Unfortunately, the reality was that what made The Experiment great also made them stick out like a sore thumb in an increasingly homogenous neighborhood– but was that the reason why they left? “We started having issues with certain residents who just don’t want a comedy venue at all in the area,” Mo explained. “Then it became an issue with the condo board.”
The building at 20 Broadway houses a mix of condos, retail space, and rentals– studio apartments alone were going for $6,500 a month and, last month, a two-bedroom was filled for $4,800 (according to StreetEasy). Meanwhile, condos (including one sold this year) went for around $1 million. Surprisingly, Fathelbab wasn’t priced out, but says he was pushed out. “We were not welcome at some point,” he said.
The Experiment had signed a lease on the ground-floor commercial unit on Broadway with a management company Mo knew simply by the building’s name, Broadway Riverview (records indicate another name, 81 Broadway Management Corp). Turns out that his rent was going to one of the city’s most influential real estate players, Louis Silverman of G4 Development Group, who developed the property in the early 2000s along with a slew of other Williamsburg buildings. (Silverman also had his hand in a new Italian restaurant called Barano, located just across the street on Broadway.) The management company had a seat on the condo board, so when the residents started to complain, Mo said that the landlord hammered out new rules for the venue like earlier closing times. Mo assumed that his landlords would come to his defense. According to him, that wasn’t the case.
“None of that was in our lease, it was stuff we’d never agreed to,” he explained. “So the cops would be called at six at night because improv shows were happening.”
We reached out to Guy Pickrell, a resident of 20 Broadway for the last eight years and head of the condo board for his side of the story. “The landlord, who is the owner of the [commercial] units, he’s not allowed to serve alcohol in that unit,” Pickrell explained. “We have these bylaws that we decreed 10 years ago, so it was frustrating for many because they thought, well, it’s a comedy club, there’s going to be a bar and all the rest of it. The unit has no soundproofing, and it’s not set up for that kind of thing, certainly in our opinion, anyway.”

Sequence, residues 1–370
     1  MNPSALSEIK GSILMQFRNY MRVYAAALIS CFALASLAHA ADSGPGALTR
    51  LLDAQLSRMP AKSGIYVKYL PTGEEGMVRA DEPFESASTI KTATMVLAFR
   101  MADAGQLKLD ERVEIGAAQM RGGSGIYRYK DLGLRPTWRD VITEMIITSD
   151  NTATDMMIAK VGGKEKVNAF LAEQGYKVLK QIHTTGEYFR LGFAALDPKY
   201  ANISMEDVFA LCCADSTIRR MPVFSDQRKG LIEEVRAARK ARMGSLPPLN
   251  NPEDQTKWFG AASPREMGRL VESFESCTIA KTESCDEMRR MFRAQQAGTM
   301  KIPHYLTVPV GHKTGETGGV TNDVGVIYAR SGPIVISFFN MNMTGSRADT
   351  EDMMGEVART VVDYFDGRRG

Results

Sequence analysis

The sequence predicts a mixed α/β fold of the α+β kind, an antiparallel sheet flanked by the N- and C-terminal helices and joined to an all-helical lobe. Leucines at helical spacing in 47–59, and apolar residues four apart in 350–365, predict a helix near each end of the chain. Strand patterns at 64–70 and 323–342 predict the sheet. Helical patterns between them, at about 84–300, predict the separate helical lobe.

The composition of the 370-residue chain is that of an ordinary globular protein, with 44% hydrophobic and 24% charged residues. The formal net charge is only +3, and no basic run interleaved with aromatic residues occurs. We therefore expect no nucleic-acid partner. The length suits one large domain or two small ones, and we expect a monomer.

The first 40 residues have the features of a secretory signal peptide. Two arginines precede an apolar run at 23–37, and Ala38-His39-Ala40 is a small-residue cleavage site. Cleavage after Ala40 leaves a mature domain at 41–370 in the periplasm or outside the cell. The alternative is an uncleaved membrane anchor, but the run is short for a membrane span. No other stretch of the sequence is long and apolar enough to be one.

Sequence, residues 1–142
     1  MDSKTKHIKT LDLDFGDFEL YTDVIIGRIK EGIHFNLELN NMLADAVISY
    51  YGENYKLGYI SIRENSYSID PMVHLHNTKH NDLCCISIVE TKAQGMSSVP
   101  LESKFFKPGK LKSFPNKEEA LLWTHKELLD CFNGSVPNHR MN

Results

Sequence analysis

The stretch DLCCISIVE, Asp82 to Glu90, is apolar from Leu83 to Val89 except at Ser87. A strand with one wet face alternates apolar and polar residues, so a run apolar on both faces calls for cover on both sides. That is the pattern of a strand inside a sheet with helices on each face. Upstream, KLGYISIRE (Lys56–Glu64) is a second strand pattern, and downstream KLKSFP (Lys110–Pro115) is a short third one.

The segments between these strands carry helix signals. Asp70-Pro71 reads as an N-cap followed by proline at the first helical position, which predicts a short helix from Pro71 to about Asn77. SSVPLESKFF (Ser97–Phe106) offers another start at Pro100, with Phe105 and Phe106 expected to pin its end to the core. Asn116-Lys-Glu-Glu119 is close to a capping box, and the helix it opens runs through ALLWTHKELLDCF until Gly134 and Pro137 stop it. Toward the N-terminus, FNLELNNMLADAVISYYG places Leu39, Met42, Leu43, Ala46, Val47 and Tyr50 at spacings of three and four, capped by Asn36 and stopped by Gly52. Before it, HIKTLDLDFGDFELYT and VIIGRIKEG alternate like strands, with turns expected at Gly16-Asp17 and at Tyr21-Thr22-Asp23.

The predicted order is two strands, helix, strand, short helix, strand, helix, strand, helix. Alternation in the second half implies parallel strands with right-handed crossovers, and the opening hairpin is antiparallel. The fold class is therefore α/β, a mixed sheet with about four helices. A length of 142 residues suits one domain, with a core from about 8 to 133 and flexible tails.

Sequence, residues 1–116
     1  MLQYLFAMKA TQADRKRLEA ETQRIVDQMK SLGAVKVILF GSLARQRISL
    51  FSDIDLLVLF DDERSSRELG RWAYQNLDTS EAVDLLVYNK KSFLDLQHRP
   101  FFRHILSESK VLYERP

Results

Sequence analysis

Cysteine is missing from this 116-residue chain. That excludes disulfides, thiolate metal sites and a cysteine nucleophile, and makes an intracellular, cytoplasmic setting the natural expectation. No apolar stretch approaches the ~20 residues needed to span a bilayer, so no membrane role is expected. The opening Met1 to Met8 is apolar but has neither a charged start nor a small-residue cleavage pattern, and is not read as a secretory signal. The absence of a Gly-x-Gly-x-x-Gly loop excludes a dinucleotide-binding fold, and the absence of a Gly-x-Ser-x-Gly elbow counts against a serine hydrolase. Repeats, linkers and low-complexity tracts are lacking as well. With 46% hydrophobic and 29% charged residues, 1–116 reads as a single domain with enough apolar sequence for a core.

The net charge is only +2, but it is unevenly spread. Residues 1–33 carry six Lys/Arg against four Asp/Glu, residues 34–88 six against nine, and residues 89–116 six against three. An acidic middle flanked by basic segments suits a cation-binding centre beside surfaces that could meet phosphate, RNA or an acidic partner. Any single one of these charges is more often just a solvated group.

Immediately after the Experiment moved in, another resident approached Fathelbab, concerned about what the comedy venue would entail. Pickrell, as the condo board representative, stepped in. “So he and I had a conversation that was really very positive, and [Fathelbab] told me that he had no intention to sell alcohol,” he laughed. “I don’t know how, but he was going to be the first comedy club that I ever heard of that was going to do without it. But of course, that was nonsense– and in the end, it’s fair to honestly say he made no friends in our building. It’s very difficult with the people who live above and have a job, and after living there for ten years find that they can’t sleep after a certain time.”
Mo recalled that another condo owner, a neighbor of Pickrell’s who lived immediately above the club, complained about the club’s clientele. “The guy above us had issues with some of the people being there– mainly, people who are not white,” he explained. “He and I had words, it became a whole thing.”
Pickrell sympathized with Fathelbab somewhat about the complaints made against the club, saying he’s fully aware of what it takes to run a comedy venue, and that he wasn’t against the Experiment per se. “We’ve had this issue with the landlord before, where he hasn’t actually bothered to tell the people moving in– he expects them to read the small print, I guess.” The condo owner pointed to a previous tenant at the 20 Broadway retail space, who seemed “entirely unaware” of the bylaws existence. “So that led to some issues previously with the same unit,” he explained. “That’s why I wanted to make sure that [Mo], before he invested a lot of money in this place that he understood that, really, there were a lot of restrictions on the unit and it potentially wasn’t going to be good for a comedy club.” Pickrell claims that, even after making Mo aware of the restrictions that the club owner’s landlord had agreed to, “He assured me that his business plans included none of these things– but that was patently inaccurate.”